I made the first pesto of the spring/summer basil Monday night. I planned to share this with you last night but it was a long Monday at work so today will do.
In this case, it was about three cups of basil, around 1/2 cup of grated Parmesan, about 1/3 cup of pine nuts, 4 cloves of garlic, almost 1/2 cup of olive oil, salt and pepper. I chucked the garlic and pine nuts into the food processor, added the basil and kept going until everything was blended. Then the oil went in while the machine was next the cheese. S&P to taste.
Lots of abouts because I didn’t use all the oil, I put in a little extra cheese, and maybe a little extra basil. I drizzled some of the leftover oil on top to preserve the vibrant green.
Do it some night. It takes no time and you can make the proportions all your own. More garlic. Less oil. More cheese. Different nuts. No nuts. 10 minutes including prep and cleaning and spinning the basil dry. The hardest part is cleaning the food processor (I was lazy and chucked it in the dishwasher because there was space).
Pretty, isn’t it?
Bruce said it was delicious too–he had it for dinner last night over farfalle pasta (you know, the bowties) with a bit of chicken. I sampled it when I got home from work after the leftovers were cold and it was still delicious. Score!
And there’s some left.
Today’s gratuitous garden photo:
They’re almost done, but it’s almost time to plant the fall beets.
Today’s gratuitous dog photo:
And one last thing, a shout out to the Grammar Belle who celebrates a year of trying to save the English-speaking world from grammatical errors today. Well done! Follow her if you aren’t and I guarantee you will be amused and re-educated.
Wonderful! The Stuff of live!
The pesto looks amazing
Thank you! Looking forward to repeats tomorrow.
One of my favorite recipes of summertime. Thanks for reminding me it’s time to make this!! I use Genovese basil. What type do you use?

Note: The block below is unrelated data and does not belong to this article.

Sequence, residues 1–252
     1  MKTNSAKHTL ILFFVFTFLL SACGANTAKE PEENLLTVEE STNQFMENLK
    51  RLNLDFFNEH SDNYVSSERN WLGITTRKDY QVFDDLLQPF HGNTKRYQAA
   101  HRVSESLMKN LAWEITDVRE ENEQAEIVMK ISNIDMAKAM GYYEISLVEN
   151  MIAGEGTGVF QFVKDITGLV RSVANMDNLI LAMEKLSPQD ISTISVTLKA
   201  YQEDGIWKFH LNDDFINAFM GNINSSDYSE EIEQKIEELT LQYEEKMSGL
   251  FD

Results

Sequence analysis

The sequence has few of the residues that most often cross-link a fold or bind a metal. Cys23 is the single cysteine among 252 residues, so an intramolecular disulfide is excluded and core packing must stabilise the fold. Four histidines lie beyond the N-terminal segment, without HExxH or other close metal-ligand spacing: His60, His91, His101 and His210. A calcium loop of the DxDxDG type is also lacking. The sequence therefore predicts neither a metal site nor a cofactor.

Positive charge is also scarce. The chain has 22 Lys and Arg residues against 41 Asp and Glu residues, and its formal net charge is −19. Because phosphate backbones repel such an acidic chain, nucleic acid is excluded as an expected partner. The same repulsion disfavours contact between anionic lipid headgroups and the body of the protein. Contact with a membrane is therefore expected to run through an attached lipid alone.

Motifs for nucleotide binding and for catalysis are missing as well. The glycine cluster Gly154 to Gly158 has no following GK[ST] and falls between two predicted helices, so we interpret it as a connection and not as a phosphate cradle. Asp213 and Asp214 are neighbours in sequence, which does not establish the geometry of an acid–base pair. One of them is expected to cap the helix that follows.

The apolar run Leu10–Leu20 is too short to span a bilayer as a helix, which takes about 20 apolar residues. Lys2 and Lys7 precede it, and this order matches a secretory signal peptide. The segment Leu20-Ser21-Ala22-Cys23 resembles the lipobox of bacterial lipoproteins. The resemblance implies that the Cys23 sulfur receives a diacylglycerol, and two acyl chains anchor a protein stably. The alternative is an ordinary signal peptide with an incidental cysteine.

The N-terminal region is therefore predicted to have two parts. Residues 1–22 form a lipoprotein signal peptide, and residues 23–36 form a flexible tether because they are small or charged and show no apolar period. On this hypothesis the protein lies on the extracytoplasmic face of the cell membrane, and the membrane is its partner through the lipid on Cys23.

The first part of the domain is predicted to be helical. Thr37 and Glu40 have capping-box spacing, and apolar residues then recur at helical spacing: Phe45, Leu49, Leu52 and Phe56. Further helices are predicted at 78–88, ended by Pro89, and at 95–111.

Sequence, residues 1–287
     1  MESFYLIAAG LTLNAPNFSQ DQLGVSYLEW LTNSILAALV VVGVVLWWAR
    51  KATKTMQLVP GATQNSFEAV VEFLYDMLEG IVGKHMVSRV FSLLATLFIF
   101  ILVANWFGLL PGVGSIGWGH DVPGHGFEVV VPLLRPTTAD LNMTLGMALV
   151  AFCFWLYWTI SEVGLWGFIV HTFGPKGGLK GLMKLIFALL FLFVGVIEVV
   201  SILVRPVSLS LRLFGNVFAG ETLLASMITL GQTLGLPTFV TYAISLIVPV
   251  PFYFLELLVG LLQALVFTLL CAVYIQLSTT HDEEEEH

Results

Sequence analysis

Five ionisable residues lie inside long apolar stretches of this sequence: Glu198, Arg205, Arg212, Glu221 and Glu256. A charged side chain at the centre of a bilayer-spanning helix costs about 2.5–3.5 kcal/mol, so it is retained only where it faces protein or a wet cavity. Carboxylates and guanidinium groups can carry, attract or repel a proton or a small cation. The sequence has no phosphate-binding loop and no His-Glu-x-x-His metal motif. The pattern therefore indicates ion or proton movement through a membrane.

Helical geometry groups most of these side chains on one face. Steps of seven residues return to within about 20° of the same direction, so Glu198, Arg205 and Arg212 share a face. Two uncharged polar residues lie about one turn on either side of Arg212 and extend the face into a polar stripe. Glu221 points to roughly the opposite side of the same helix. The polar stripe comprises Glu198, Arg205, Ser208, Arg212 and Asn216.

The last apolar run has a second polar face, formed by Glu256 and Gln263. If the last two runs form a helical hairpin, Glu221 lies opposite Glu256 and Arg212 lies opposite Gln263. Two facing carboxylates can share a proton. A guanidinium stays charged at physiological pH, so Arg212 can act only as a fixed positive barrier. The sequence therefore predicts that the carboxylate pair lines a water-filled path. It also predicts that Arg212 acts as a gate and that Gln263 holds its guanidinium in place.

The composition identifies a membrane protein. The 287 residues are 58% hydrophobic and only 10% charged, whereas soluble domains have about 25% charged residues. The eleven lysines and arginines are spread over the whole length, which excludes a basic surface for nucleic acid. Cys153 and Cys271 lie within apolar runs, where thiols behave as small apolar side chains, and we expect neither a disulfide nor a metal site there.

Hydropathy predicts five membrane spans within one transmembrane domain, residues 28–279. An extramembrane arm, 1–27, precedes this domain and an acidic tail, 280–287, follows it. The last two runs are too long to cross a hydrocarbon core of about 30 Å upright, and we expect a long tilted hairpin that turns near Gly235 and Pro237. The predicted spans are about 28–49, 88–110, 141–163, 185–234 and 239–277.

Yes, that is genovese basil. I have used Thai basil and a combo of Italian and Thai basil and had delicious and beautiful results too. I’m going to make more soon and freeze it. It’s great to make a bunch all at once (just one clean up then) and put it up in ziploc bags. Perfect for those busy nights or nights when the fridge is looking a bit bare.
I was on a total pesto kick many years ago. I experimented with different nuts, different cheeses and even different herbs. I made a delicious one with cilantro, pecans and a Mexican crumbly cheese. MMMMMM! (And thanks so much for the kind words!)
I’ve never been a pesto fan until I started growing basil. I love basil! When I grow cilantro in the fall, I’ll try your cilantro pesto–sounds delish!
And I’m not allergic to any of the ingredients, even if I have to look them up in the garden bible.
Allergies are a challenge for me too. When it was fashionable to sneak cauliflower into everything as a potato substitute (the low carb, anti-white food thing), I had to be really careful at banquets where they had “mashed potatoes”. It makes my lips swell like a botched collagen injection!
Banquets and “mashed potatoes” whatever would Sir Walter say Julie??